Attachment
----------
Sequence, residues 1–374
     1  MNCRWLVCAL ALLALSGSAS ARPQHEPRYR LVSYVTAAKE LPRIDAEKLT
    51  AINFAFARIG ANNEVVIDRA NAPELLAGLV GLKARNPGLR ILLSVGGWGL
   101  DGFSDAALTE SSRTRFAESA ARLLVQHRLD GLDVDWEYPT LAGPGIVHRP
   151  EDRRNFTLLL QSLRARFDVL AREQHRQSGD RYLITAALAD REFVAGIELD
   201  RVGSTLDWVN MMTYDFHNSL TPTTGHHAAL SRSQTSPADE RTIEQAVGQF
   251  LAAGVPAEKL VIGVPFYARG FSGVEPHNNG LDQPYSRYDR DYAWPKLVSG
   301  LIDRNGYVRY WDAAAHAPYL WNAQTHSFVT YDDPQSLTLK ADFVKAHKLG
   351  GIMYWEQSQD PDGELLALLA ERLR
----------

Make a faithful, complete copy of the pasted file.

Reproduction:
Sequence, residues 1–374
     1  MNCRWLVCAL ALLALSGSAS ARPQHEPRYR LVSYVTAAKE LPRIDAEKLT
    51  AINFAFARIG ANNEVVIDRA NAPELLAGLV GLKARNPGLR ILLSVGGWGL
   101  DGFSDAALTE SSRTRFAESA ARLLVQHRLD GLDVDWEYPT LAGPGIVHRP
   151  EDRRNFTLLL QSLRARFDVL AREQHRQSGD RYLITAALAD REFVAGIELD
   201  RVGSTLDWVN MMTYDFHNSL TPTTGHHAAL SRSQTSPADE RTIEQAVGQF
   251  LAAGVPAEKL VIGVPFYARG FSGVEPHNNG LDQPYSRYDR DYAWPKLVSG
   301  LIDRNGYVRY WDAAAHAPYL WNAQTHSFVT YDDPQSLTLK ADFVKAHKLG
   351  GIMYWEQSQD PDGELLALLA ERLR